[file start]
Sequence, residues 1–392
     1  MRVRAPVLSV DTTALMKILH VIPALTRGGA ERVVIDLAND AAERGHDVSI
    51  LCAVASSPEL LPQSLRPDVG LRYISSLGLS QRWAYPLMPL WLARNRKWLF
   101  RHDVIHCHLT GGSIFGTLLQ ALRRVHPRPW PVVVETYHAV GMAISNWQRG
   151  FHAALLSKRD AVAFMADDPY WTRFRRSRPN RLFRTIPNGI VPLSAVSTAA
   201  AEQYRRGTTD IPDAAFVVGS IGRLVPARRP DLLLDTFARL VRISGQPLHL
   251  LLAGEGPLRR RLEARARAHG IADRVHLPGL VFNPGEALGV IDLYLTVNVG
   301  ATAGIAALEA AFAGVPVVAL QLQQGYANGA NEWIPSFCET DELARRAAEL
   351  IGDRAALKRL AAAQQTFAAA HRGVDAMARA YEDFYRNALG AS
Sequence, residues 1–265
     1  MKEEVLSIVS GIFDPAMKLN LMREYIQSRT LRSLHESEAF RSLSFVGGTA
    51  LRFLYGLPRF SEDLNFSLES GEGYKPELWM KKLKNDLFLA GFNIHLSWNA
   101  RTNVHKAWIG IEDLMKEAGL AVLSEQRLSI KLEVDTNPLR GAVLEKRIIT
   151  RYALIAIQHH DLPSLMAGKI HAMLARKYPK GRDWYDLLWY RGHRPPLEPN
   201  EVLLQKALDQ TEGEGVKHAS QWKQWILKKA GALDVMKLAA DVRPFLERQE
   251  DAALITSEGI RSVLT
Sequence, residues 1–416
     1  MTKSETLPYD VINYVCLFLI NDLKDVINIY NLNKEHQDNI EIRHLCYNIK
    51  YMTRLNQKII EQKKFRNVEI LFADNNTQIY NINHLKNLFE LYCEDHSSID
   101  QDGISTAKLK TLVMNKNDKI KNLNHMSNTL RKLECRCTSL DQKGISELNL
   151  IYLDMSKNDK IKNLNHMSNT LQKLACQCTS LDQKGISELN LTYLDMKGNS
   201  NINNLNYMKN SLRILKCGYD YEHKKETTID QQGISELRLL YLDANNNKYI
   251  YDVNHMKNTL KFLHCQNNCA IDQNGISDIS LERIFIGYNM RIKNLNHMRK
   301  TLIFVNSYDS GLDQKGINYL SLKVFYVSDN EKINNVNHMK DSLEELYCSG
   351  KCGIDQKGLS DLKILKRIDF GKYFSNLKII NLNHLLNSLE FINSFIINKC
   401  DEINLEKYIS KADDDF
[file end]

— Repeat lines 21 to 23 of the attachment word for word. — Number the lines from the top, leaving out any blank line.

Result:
   151  IYLDMSKNDK IKNLNHMSNT LQKLACQCTS LDQKGISELN LTYLDMKGNS
   201  NINNLNYMKN SLRILKCGYD YEHKKETTID QQGISELRLL YLDANNNKYI
   251  YDVNHMKNTL KFLHCQNNCA IDQNGISDIS LERIFIGYNM RIKNLNHMRK